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If, after having cast a rapid glance over the state of American society in 1650, we turn to the condition of Europe, and more especially to that of the continent, at the same period, we cannot fail to be struck with astonishment. On the continent of Europe, at the beginning of the seventeenth century, absolute monarchy had everywhere triumphed over the ruins of the oligarchical and feudal liberties of the middle ages. Never were the notions of right more completely confounded than in the midst of the splendor and literature of Europe; never was there less political activity among the people; never were the principles of true freedom less widely circulated, and at that very time, those principles, which were scorned or unknown by the nations of Europe, were proclaimed in the deserts of the New World, and were accepted as the future creed of a great people. The boldest theories of the human reason were put into practice by a community so humble, that not a statesman condescended to attend to it; and a legislation without precedent was produced off-hand by the imagination of the citizens. In the bosom of this obscure democracy, which had as yet brought forth neither generals, nor philosophers, nor authors, a man might stand up in the face of a free people, and pronounce amid general acclamations the following fine definition of liberty:[52]--

"Nor would I have you to mistake in the point of your own liberty. There is a liberty of corrupt nature, which is affected both by men and beasts to do what they list; and this liberty is inconsistent with authority, impatient of all restraint; by this liberty '_sumus omnes deteriores_;' it is the grand enemy of truth and peace, and all the ordinances of God are bent against it. But there is a civil, a moral, a federal liberty, which is the proper end and object of authority; it is a liberty for that only which is just and good: for this liberty you are to stand with the hazard of your very lives, and whatsoever crosses it is not authority, but a distemper thereof. This liberty is maintained in a way of subjection to authority; and the authority set over you will, in all administrations for your good, be quietly submitted unto by all but such as have a disposition to shake off the yoke and lose their true liberty, by their murmuring at the honor and power of authority."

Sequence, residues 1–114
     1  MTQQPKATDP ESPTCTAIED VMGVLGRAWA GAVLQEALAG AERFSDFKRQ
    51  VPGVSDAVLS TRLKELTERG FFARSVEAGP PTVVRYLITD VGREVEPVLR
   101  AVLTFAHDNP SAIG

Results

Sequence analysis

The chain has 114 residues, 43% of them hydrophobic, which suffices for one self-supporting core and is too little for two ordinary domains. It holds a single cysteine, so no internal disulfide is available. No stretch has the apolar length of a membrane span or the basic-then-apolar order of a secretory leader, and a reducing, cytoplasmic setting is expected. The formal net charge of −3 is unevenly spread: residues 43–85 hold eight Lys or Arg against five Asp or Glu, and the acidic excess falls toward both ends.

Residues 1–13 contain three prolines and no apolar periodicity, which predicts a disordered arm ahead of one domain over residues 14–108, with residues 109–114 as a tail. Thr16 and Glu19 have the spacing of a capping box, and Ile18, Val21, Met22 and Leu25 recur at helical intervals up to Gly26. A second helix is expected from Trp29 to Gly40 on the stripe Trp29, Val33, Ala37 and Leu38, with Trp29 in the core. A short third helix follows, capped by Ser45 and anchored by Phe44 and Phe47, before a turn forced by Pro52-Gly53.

The remarks I have made will suffice to display the character of Anglo-American civilisation in its true light. It is the result (and this should be constantly present to the mind) of two distinct elements, which in other places have been in frequent hostility, but which in America have admirably incorporated and combined with one another. I allude to the spirit of religion and the spirit of liberty.

The settlers of New England were at the same time ardent sectarians and daring innovators. Narrow as the limits of some of their religious opinions were, they were entirely free from political prejudices.

Hence arose two tendencies, distinct but not opposite, which are constantly discernible in the manners as well as in the laws of the country.